Richard Garriott

From Wikipedia, the free encyclopedia

Richard Garriott
Garriott in July 2008
Richard Allen Garriott

(1961-07-04) 4 July 1961 (age 62)
Cambridge, England
CitizenshipAmerican, British[1][better source needed]
OccupationVideo game developer
Known for
(m. 2011)
RelativesRobert Garriott (brother)
AwardsAIAS Hall of Fame Award (2006)[2]
Space career
Space Adventures private astronaut /
cast of a film in a space station
Time in space
11d 20h 35m
MissionsSoyuz TMA-13/TMA-12

Richard Allen Garriott (born 4 July 1961) is a British-born American video game developer, entrepreneur and private astronaut.

Garriott, who is the son of NASA astronaut Owen Garriott, was originally a game designer and programmer, and is now involved in a number of aspects of computer-game development. On October 12, 2008, Garriott flew aboard the Soyuz TMA-13 mission to the International Space Station as a private astronaut,[3][4] returning 12 days later aboard Soyuz TMA-12. He became the second space traveler, and first from the United States, to have a parent who was also a space traveler. During his ISS flight, he filmed a science fiction movie Apogee of Fear.[5]

The creator of the Ultima game series, Garriott was involved in all games in the series, and directly supervised all eleven main installments, starting with 1979's Akalabeth: World of Doom and concluding with 1999's Ultima IX: Ascension. Within the context of Ultima, Garriot presented himself as the fictional persona of Lord British. The series is considered influential, notably helping with establishing the computer role-playing game genre. He founded the video game development company Portalarium in 2009.[6] He was CEO of Portalarium and creative director of Shroud of the Avatar: Forsaken Virtues[7] until 2018 when he shed the title,[8] later relinquishing all Shroud of the Avatar assets to Catnip Games in 2019.[9]

Early life[edit]

Richard Allen Garriott was born in Cambridge, England on 4 July 1961,[10][11] to Helen Mary (née Walker) Garriott (1930–2017[12]) and Owen Garriott, one of NASA's first scientist-astronauts (selected in NASA Astronaut Group 4), who flew on Skylab 3 and Space Shuttle mission STS-9.[13][14] His parents had been high school sweethearts growing up in Enid, Oklahoma.[15]: 61  Although both his parents were Americans, Garriott claims dual citizenship for both the United States and the United Kingdom by birth.[1]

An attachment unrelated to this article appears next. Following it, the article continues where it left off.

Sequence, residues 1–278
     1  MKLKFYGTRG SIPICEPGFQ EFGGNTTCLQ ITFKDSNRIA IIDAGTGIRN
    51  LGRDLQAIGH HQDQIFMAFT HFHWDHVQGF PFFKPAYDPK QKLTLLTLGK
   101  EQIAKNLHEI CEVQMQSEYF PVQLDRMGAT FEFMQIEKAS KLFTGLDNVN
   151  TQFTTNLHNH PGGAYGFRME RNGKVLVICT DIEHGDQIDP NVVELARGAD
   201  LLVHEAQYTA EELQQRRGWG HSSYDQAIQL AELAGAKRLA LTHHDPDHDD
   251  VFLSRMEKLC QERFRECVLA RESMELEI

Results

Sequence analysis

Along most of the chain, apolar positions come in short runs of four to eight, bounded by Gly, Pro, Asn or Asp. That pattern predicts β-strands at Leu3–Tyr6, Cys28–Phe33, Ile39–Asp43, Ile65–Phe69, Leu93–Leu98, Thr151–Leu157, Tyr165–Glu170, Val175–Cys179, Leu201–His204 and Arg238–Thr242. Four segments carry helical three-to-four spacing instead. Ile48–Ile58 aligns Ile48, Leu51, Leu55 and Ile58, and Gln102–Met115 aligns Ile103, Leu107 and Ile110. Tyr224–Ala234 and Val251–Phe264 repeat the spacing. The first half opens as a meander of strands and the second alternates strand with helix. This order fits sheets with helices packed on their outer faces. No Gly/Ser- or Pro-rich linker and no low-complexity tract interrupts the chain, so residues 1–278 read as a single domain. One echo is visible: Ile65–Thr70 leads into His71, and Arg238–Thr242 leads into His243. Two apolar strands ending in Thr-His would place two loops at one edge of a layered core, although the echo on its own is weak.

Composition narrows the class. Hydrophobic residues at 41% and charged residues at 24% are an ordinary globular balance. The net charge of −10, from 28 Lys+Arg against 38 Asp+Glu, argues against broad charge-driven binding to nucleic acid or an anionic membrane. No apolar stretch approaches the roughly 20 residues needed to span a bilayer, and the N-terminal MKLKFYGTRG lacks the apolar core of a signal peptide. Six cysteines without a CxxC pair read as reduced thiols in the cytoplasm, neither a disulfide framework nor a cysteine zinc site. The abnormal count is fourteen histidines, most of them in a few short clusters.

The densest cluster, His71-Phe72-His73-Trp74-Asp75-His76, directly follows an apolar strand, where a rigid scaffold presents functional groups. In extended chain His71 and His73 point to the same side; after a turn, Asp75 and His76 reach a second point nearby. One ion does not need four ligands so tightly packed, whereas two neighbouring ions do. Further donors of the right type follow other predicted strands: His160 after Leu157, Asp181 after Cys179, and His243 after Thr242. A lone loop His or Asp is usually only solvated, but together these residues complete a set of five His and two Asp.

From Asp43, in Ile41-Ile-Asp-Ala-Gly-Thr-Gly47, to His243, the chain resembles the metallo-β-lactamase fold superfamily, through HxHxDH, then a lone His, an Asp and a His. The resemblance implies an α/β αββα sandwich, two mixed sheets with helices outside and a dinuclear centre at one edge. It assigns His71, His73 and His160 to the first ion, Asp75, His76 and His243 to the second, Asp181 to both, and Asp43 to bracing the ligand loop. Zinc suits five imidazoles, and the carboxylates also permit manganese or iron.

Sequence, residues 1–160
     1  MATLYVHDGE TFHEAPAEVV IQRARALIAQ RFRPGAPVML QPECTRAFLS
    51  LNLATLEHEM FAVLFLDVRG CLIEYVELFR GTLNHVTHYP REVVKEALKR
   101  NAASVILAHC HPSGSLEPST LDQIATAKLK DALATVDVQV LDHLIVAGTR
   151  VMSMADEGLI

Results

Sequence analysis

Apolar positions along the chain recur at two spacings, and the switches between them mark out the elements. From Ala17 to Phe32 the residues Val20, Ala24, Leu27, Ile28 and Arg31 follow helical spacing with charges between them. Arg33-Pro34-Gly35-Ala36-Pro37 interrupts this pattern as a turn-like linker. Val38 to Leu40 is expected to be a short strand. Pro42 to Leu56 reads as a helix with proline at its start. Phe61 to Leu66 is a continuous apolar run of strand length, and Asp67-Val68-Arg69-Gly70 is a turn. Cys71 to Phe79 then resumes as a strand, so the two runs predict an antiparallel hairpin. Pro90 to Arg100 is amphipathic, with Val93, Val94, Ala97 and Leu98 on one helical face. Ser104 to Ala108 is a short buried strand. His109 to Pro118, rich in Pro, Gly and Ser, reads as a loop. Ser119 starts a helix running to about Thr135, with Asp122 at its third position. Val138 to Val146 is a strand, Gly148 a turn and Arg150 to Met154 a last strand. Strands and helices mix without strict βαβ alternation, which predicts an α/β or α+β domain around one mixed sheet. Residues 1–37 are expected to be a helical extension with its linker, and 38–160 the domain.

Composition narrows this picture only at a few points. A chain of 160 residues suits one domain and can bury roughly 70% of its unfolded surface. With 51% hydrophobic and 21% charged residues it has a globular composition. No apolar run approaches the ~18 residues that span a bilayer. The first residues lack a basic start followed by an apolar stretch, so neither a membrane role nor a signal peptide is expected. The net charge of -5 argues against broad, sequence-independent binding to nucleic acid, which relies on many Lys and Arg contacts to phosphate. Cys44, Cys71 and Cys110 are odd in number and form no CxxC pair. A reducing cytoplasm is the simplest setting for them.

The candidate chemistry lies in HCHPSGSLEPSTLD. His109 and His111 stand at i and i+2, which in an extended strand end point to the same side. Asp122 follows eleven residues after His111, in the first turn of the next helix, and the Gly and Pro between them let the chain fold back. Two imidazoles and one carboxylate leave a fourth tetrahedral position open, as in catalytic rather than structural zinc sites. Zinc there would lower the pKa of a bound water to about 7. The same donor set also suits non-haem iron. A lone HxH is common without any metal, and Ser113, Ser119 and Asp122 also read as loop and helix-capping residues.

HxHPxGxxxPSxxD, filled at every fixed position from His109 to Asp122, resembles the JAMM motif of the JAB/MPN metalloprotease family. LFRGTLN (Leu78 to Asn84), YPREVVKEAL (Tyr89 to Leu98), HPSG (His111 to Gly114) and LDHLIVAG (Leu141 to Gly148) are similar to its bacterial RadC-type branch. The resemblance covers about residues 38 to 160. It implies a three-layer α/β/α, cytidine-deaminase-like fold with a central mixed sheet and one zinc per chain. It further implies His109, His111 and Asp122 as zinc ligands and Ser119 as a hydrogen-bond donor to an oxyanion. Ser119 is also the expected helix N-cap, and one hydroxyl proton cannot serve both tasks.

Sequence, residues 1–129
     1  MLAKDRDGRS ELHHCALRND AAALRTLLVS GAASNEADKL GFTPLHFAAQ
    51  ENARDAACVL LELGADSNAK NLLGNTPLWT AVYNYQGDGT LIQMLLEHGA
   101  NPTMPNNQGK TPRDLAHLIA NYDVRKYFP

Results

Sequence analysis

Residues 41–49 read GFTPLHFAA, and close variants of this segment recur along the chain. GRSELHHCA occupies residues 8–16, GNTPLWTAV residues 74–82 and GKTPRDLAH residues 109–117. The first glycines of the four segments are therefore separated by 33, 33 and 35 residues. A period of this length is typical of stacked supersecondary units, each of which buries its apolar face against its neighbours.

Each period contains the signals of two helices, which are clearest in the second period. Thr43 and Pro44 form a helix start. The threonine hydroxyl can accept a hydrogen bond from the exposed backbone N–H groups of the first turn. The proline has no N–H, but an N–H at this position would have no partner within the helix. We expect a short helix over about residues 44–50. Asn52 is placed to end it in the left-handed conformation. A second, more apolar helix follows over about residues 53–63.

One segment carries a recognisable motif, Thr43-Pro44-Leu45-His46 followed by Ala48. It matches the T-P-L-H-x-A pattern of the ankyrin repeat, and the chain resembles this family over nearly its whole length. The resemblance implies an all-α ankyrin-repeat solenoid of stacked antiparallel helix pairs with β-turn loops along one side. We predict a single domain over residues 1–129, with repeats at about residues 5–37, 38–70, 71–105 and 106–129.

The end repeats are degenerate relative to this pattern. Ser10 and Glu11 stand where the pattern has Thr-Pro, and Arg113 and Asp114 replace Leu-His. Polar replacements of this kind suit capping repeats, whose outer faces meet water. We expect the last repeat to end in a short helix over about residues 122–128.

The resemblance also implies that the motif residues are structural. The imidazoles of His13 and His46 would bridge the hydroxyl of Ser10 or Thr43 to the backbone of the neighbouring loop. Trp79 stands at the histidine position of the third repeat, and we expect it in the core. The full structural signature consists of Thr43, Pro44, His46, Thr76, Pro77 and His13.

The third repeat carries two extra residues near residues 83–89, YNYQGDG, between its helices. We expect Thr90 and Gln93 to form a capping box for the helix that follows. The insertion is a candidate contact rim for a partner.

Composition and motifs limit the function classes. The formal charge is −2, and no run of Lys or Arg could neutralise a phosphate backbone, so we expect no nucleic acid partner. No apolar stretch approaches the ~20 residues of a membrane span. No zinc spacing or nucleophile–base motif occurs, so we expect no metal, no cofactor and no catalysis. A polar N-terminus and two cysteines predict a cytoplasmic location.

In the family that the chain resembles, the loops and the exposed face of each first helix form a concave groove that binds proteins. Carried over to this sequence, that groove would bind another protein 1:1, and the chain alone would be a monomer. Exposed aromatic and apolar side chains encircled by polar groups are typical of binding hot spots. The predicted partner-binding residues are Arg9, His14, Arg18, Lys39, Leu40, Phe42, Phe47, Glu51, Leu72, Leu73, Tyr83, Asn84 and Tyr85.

Garriott was raised in Nassau Bay, Texas from the age of about two months.[1][13] Since his childhood, he had dreamed of becoming a NASA astronaut like his father. Eyesight problems discovered at the age of 13 blocked his ambition, however, so he instead came to focus on computer game development.[16]

Garriott's "first real exposure to computers" occurred in 1975, during his freshman year at Clear Creek High School. In search of more experience than the single one-semester BASIC class the school offered, and as a fan of The Lord of the Rings and Dungeons & Dragons, Garriott convinced the school to let him create a self-directed course in programming. He used the course to create fantasy computer games on the school's teletype machine.[17][18] Garriott later estimated that he wrote 28 computer fantasy games during high school.[11]

One of Garriott's game pseudonyms is "British", a name he still uses for various gaming characters, including Ultima character Lord British and Tabula Rasa character General British.[19][20] The name was given to him by his first Dungeons and Dragons friends because he was born in the UK.[21]

Game design career[edit]

Garriott began writing computer games in 1974. His first games were created on teletype terminals. The code was stored on paper tape spools, and the game was displayed as an ongoing print-out. In summer 1979, Garriott worked at a ComputerLand store where he first encountered Apple computers. Inspired by their video monitors with color graphics, he began to add perspective view to his own games. After he created Akalabeth for fun, the owner of the store convinced Garriott it might sell. Garriott spent $200 printing copies of a manual and cover sheet that his mother had drawn, then put copies of the game in Ziploc bags, a common way to sell software at the time. Although Garriott sold fewer than a dozen copies at the store, one copy made it to California Pacific Computer Company, which signed a deal with him. The game sold over 30,000 copies, and Garriott received five dollars for each copy sold.[18][22][23] The US$150,000 (equivalent to $630,000 in 2023) he earned was three times his father's astronaut salary.[24] Akalabeth is considered the first published computer role playing game.

Later that year, Garriott entered the University of Texas at Austin (UT).[25] He joined the school's fencing team, and later, the Society for Creative Anachronism.[26] He lived at home with his parents while attending university, and from there created Ultima I with his friend Ken Arnold.[27] Its cover, and those of several subsequently Garriott games, were painted by Denis Loubet, whose art Garriott discovered during a visit to Steve Jackson Games.[28]

Garriott continued to develop the Ultima series of computer games in the early 1980s, eventually leaving UT to work on them full time.[18] Originally programmed for the Apple II, the Ultima series later became available on several platforms. Ultima II was published by Sierra On-Line, as they were the only company that would agree to publish it in a box together with a printed cloth map. By the time he developed Ultima III, Garriott, together with his brother Robert, their father Owen and Chuck Bueche established their own video game publisher, Origin Systems, to handle publishing and distribution, in part due to controversy with Sierra over royalties for the PC port of Ultima II.[29][30][10]